A couple of people have commented on my use of the term "hate speech" in a previous post. The idea of "hate speech" as it is used in the U.S. is that there may be speech intended to degrade or incite violence against people based on their ethnicity, race, gender or sexual orientation. Which means that there may be some speech that isn't protected under the 1st Amendment to the U.S. Constitution. Not surprising…there are plenty of things that we can't say without incurring possible punishment. A Canadian law professor named Catharine McKinnon, in a book written in the early 90s called Only Words, takes the idea of hate speech further and claims that there may be some speech which is not simply speech. In her view, such speech is in fact oppression.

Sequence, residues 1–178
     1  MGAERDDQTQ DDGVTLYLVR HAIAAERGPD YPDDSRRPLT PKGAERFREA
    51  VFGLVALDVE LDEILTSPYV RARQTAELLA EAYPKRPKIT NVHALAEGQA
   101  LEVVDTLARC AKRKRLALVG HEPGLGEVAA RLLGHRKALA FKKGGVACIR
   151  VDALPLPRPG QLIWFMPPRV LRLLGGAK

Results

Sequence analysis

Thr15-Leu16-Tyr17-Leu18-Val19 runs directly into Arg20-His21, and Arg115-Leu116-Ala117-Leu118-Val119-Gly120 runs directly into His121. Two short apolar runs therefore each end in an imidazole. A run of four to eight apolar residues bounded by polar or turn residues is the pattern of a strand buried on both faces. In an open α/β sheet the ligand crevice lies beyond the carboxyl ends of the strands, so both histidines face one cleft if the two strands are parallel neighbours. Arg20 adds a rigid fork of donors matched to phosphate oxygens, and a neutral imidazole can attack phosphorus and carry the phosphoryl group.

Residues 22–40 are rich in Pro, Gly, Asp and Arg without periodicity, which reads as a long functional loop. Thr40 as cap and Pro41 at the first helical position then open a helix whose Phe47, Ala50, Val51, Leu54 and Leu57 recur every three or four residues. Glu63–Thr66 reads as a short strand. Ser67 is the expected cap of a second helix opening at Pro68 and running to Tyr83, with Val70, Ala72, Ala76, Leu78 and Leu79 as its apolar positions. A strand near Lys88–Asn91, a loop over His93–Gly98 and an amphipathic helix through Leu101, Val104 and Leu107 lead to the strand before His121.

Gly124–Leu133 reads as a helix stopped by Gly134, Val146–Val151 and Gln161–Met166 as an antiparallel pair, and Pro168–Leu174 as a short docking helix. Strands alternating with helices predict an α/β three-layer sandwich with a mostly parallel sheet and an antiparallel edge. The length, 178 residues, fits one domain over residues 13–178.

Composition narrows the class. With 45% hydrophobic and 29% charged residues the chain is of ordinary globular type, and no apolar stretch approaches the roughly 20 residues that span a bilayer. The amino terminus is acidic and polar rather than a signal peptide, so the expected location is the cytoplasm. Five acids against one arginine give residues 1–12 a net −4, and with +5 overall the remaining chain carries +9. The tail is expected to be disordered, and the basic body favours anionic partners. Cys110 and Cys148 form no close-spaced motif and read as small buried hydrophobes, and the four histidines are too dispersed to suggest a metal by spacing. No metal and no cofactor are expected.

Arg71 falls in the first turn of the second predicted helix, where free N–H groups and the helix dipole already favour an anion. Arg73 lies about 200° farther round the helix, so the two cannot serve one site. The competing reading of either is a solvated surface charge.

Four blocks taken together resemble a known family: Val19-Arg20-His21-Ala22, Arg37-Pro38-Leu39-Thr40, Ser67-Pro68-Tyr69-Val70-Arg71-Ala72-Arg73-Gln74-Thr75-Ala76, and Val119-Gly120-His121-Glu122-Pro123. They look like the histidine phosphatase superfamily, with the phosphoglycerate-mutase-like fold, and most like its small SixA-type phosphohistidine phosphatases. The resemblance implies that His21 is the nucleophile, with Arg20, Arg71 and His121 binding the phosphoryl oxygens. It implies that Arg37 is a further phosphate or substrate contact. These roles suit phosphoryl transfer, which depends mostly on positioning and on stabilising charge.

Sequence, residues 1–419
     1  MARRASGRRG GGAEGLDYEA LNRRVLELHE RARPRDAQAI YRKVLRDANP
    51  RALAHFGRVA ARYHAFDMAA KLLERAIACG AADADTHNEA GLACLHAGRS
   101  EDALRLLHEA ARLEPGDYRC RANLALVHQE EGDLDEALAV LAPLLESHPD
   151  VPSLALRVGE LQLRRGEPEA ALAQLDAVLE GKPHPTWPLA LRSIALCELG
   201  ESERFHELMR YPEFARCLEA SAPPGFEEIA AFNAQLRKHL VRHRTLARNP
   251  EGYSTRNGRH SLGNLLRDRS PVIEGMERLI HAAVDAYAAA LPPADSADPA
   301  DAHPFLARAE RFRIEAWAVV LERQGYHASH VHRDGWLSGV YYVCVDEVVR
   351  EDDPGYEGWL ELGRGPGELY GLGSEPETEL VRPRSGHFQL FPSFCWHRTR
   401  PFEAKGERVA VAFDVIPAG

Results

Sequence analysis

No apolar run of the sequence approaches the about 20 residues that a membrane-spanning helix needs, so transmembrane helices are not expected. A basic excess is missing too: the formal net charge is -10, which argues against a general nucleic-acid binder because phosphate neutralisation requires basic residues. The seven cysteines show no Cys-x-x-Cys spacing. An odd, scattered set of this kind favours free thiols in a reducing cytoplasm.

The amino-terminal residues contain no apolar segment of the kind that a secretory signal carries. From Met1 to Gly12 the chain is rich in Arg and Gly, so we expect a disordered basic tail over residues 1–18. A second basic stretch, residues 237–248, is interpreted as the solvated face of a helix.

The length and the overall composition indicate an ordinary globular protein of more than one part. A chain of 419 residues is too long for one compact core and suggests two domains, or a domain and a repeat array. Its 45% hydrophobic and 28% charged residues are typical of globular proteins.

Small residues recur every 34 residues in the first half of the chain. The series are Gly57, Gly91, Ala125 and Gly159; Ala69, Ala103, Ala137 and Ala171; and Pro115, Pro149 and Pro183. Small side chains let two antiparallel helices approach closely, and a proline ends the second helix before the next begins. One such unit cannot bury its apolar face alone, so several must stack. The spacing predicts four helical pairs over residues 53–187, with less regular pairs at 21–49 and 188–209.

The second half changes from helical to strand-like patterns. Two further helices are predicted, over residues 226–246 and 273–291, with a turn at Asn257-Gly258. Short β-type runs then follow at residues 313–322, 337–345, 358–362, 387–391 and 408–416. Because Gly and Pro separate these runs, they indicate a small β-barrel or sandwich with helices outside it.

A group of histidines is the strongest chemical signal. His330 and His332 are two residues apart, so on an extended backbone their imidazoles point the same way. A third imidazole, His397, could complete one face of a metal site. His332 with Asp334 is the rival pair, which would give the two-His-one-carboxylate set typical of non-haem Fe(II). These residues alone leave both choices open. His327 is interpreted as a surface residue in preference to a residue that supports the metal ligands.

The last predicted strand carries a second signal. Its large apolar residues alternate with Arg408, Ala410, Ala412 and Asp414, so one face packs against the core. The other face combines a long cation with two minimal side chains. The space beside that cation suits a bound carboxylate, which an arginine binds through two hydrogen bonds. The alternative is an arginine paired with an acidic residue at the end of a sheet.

Even if the term "hate speech" is not used outside of the U.S., many countries, including the UK, Germany, Canada, Iceland and others, have codified laws that regulate and/or punish hate speech. Ditto for the Council of Europe. The idea has already criss-crossed the Atlantic numerous times. Here are some examples, and articles on both sides of the debate. I do think that the concept is often misused, and not discussed cogently, and I also think it's ultimately a losing proposition over the long term. But it merits a serious discussion about equality and power, as freedom of speech and expression don't live in a vacuum. Probably wishful thinking.